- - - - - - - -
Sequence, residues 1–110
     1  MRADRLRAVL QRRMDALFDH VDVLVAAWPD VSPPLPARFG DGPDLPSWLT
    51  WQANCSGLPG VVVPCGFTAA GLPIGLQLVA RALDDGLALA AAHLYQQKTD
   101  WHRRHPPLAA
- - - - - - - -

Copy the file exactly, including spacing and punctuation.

Sequence, residues 1–110
     1  MRADRLRAVL QRRMDALFDH VDVLVAAWPD VSPPLPARFG DGPDLPSWLT
    51  WQANCSGLPG VVVPCGFTAA GLPIGLQLVA RALDDGLALA AAHLYQQKTD
   101  WHRRHPPLAA